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August 11, 2007 | Charles J. Gans, Associated Press
NEW YORK -- Bassist Ron Carter sometimes wishes he could go back in time to the 1960s and play again with the Miles Davis Quintet -- one of the most acclaimed and influential small combos in jazz history. It's not that Carter, who turned 70 in May, is overly nostalgic. It's just that 40 years ago his bass could hardly be heard amid Davis' trumpet, Wayne Shorter's saxophones, Herbie Hancock's piano and Tony Williams' drums.
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ENTERTAINMENT
February 23, 1996 | BILL KOHLHAASE, SPECIAL TO THE TIMES
** 1/2 RON CARTER "Mr. Bow-tie" "Blue Note" Bassist Ron Carter has often been ill-served by his own recordings. Those that have succeeded, including the 1970 lost classic "Uptown Conversation" and the four-star 1978 trio date "Third Plane," feature Carter on equal footing with his sidemen, rather than upfront and over-amplified in the leader's chair. "Mr.
ENTERTAINMENT
December 18, 2004 | Don Heckman, Special To The Times
Class, quality and artistry defined Ron Carter's appearance Thursday at Catalina Bar & Grill. When the bassist and his players -- pianist Stephen Scott, drummer Payton Crossley and percussionist Steve Kroon -- stepped on stage in conservative suits and ties, they stood side by side for a moment, then bowed graciously to the full house.
ENTERTAINMENT
August 11, 2007 | Charles J. Gans, Associated Press
NEW YORK -- Bassist Ron Carter sometimes wishes he could go back in time to the 1960s and play again with the Miles Davis Quintet -- one of the most acclaimed and influential small combos in jazz history. It's not that Carter, who turned 70 in May, is overly nostalgic. It's just that 40 years ago his bass could hardly be heard amid Davis' trumpet, Wayne Shorter's saxophones, Herbie Hancock's piano and Tony Williams' drums.
ENTERTAINMENT
December 18, 2004 | Don Heckman, Special To The Times
Class, quality and artistry defined Ron Carter's appearance Thursday at Catalina Bar & Grill. When the bassist and his players -- pianist Stephen Scott, drummer Payton Crossley and percussionist Steve Kroon -- stepped on stage in conservative suits and ties, they stood side by side for a moment, then bowed graciously to the full house.
ENTERTAINMENT
April 8, 1994 | BILL KOHLHAASE
Was all the effort that went into this recording worth it? Well, yes and no. Yes, in that Davis' elite mid-'60s rhythm section comes together surprisingly well, though in different fashion than when they cut such landmark discs as "E.S.P.," "Miles Smiles" and "Nefertiti." No, in that the cool camaraderie of the originals is lost, replaced instead by a glossed over give-and-take that succeeds on individual delivery rather than on group presentation.
ENTERTAINMENT
July 26, 1998 | Don Heckman
There are some surprising similarities between bassists Ron Carter and Gary Peacock. Born two years apart under the sign of Taurus--Carter is 61, Peacock is 63--both have performed in a wide array of settings, and both are held in universally high esteem by jazz musicians of every age and style. Carter, who is especially well regarded as a composer in Japan, where he is one of the best-selling artists in jazz, has spent more time writing for large--often unusually instrumented--ensembles.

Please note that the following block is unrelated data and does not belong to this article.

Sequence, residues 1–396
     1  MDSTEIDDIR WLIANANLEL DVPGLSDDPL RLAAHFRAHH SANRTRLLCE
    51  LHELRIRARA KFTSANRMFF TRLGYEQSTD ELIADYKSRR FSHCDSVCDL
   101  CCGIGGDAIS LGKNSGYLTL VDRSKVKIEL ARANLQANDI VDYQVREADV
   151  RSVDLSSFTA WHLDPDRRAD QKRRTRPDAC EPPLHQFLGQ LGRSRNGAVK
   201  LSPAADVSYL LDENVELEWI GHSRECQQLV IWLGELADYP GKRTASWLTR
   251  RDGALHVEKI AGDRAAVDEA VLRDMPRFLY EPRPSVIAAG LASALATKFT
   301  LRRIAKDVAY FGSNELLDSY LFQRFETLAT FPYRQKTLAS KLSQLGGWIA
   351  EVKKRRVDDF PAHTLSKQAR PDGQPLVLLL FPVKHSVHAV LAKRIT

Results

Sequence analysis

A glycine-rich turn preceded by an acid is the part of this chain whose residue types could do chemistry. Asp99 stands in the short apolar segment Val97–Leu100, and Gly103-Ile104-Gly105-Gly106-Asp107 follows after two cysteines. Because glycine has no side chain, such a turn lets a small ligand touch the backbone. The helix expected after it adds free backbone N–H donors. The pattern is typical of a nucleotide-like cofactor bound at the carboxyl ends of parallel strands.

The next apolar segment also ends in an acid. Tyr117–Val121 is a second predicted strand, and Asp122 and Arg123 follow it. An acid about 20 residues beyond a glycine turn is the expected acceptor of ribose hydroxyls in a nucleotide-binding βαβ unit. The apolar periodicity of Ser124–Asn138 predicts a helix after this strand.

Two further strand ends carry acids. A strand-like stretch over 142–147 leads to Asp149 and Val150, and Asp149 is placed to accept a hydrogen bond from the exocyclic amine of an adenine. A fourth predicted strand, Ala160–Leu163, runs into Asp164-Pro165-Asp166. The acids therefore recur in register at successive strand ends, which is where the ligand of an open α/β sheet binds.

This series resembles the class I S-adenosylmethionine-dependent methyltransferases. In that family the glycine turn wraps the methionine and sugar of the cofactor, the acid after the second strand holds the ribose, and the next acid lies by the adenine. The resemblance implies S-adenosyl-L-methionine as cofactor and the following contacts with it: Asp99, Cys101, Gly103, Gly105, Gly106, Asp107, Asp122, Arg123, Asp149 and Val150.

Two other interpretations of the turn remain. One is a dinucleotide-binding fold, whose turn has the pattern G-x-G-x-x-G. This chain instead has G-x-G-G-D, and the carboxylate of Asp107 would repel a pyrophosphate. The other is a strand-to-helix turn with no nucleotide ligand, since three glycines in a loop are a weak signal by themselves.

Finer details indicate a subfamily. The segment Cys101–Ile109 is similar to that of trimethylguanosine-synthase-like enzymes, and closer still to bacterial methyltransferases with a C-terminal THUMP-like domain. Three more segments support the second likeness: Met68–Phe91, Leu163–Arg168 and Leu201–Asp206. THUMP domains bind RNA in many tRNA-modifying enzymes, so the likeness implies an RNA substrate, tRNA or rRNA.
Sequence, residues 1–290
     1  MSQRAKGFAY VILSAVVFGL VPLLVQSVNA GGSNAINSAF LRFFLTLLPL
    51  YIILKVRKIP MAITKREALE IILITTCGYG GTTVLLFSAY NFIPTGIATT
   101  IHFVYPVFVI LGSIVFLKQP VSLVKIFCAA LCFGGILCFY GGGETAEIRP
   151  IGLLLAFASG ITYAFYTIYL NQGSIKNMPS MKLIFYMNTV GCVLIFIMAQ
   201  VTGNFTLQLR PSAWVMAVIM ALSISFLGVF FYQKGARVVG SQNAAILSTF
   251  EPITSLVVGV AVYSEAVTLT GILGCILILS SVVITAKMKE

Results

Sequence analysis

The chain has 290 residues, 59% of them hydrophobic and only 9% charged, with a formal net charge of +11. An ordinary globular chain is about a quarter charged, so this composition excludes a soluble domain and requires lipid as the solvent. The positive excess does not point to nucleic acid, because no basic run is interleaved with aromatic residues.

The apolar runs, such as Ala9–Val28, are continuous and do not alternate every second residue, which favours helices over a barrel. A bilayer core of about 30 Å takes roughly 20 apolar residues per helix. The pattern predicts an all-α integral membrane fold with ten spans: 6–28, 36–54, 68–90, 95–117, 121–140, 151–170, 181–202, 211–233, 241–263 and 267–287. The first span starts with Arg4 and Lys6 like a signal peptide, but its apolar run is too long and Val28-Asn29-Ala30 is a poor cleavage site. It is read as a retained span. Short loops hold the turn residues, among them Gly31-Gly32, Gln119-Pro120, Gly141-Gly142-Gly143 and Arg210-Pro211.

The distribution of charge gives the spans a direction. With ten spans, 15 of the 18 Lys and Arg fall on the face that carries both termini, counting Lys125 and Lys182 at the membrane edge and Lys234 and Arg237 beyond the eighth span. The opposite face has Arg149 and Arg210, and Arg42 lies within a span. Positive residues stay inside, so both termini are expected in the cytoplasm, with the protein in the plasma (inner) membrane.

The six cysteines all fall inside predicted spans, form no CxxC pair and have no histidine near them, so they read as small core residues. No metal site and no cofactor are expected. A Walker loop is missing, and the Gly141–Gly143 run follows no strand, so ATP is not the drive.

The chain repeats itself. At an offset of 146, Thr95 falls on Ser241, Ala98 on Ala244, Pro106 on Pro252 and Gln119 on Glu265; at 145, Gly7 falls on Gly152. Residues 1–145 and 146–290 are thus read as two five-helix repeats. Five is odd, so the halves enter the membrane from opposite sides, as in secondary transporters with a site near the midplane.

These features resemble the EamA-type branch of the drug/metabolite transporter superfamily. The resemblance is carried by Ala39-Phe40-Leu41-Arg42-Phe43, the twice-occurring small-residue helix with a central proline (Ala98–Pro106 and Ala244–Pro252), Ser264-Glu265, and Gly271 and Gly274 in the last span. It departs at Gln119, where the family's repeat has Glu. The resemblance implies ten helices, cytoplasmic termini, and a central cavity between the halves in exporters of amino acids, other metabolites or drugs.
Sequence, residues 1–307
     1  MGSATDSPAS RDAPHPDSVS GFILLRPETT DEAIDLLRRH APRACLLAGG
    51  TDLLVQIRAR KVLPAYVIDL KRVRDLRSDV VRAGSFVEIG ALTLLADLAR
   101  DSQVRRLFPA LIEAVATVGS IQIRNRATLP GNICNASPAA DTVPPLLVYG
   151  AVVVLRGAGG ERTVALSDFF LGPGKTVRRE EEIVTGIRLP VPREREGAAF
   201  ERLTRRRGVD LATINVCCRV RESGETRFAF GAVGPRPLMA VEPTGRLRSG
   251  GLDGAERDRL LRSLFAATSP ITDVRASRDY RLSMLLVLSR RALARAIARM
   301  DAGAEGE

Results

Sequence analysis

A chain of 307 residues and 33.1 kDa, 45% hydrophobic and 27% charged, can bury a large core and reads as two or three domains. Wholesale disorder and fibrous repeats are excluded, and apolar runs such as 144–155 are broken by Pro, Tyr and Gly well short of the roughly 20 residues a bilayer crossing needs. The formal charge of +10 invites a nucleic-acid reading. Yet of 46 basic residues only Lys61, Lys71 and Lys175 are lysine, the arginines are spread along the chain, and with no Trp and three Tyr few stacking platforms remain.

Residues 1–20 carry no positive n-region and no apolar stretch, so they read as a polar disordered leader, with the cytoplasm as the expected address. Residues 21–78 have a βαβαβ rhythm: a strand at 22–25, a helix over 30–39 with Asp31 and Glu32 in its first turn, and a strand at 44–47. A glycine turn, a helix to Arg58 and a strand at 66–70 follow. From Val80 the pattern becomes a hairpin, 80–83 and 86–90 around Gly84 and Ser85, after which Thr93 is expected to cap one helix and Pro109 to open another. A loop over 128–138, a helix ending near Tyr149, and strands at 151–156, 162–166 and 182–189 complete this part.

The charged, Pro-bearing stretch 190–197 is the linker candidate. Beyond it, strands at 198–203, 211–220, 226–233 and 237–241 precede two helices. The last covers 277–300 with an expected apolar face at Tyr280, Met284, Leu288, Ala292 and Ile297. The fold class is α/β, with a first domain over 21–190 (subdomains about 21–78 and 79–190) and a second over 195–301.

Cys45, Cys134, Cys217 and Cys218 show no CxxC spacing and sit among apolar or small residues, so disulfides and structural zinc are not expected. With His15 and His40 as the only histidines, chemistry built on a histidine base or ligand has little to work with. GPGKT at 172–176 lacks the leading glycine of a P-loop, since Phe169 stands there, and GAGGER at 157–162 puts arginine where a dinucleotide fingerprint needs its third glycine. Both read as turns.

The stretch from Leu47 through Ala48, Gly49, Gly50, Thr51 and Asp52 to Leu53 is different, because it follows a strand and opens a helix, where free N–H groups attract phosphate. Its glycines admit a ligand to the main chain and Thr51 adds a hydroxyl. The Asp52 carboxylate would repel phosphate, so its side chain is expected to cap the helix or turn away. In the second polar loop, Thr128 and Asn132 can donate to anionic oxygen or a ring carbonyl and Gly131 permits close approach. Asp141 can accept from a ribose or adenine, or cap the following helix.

ENTERTAINMENT
May 23, 1993 | LEONARD FEATHER
* * * Lewis Nash, "Rhythm Is My Business," Evidence. Best known as the drummer with Tommy Flanagan and others, Nash makes a promising debut as leader of a group fortified by Mulgrew Miller's piano and the fine vibes of Steve Nelson. The program is well chosen, with a minor blues by Nash ("106 Nix"), a racehorse version of "My Shining Hour," and an amusing "Omelette" that's really a two-bass hit, with Ron Carter on piccolo bass and Peter Washington on bass.
ENTERTAINMENT
July 26, 1998 | Don Heckman
There are some surprising similarities between bassists Ron Carter and Gary Peacock. Born two years apart under the sign of Taurus--Carter is 61, Peacock is 63--both have performed in a wide array of settings, and both are held in universally high esteem by jazz musicians of every age and style. Carter, who is especially well regarded as a composer in Japan, where he is one of the best-selling artists in jazz, has spent more time writing for large--often unusually instrumented--ensembles.
ENTERTAINMENT
February 23, 1996 | BILL KOHLHAASE, SPECIAL TO THE TIMES
** 1/2 RON CARTER "Mr. Bow-tie" "Blue Note" Bassist Ron Carter has often been ill-served by his own recordings. Those that have succeeded, including the 1970 lost classic "Uptown Conversation" and the four-star 1978 trio date "Third Plane," feature Carter on equal footing with his sidemen, rather than upfront and over-amplified in the leader's chair. "Mr.
ENTERTAINMENT
April 8, 1994 | BILL KOHLHAASE
Was all the effort that went into this recording worth it? Well, yes and no. Yes, in that Davis' elite mid-'60s rhythm section comes together surprisingly well, though in different fashion than when they cut such landmark discs as "E.S.P.," "Miles Smiles" and "Nefertiti." No, in that the cool camaraderie of the originals is lost, replaced instead by a glossed over give-and-take that succeeds on individual delivery rather than on group presentation.
SPORTS
October 22, 1989 | HANDEL WHITMORE
Marshall 48, Verdugo Hills 27--Mark Gutierrez passed for 247 yards and five touchdowns to lead Marshall in a Northern Conference game at Verdugo Hills. Gutierrez connected with Miguel Osorio on scoring passes of 13, 27 and 41 yards, hit Ramon Altruz with a 63-yard touchdown pass and found Ron Carter for a 52-yard scoring pass. Verdugo Hills quarterback Lance Novak completed 17 of 28 passes for 183 yards.
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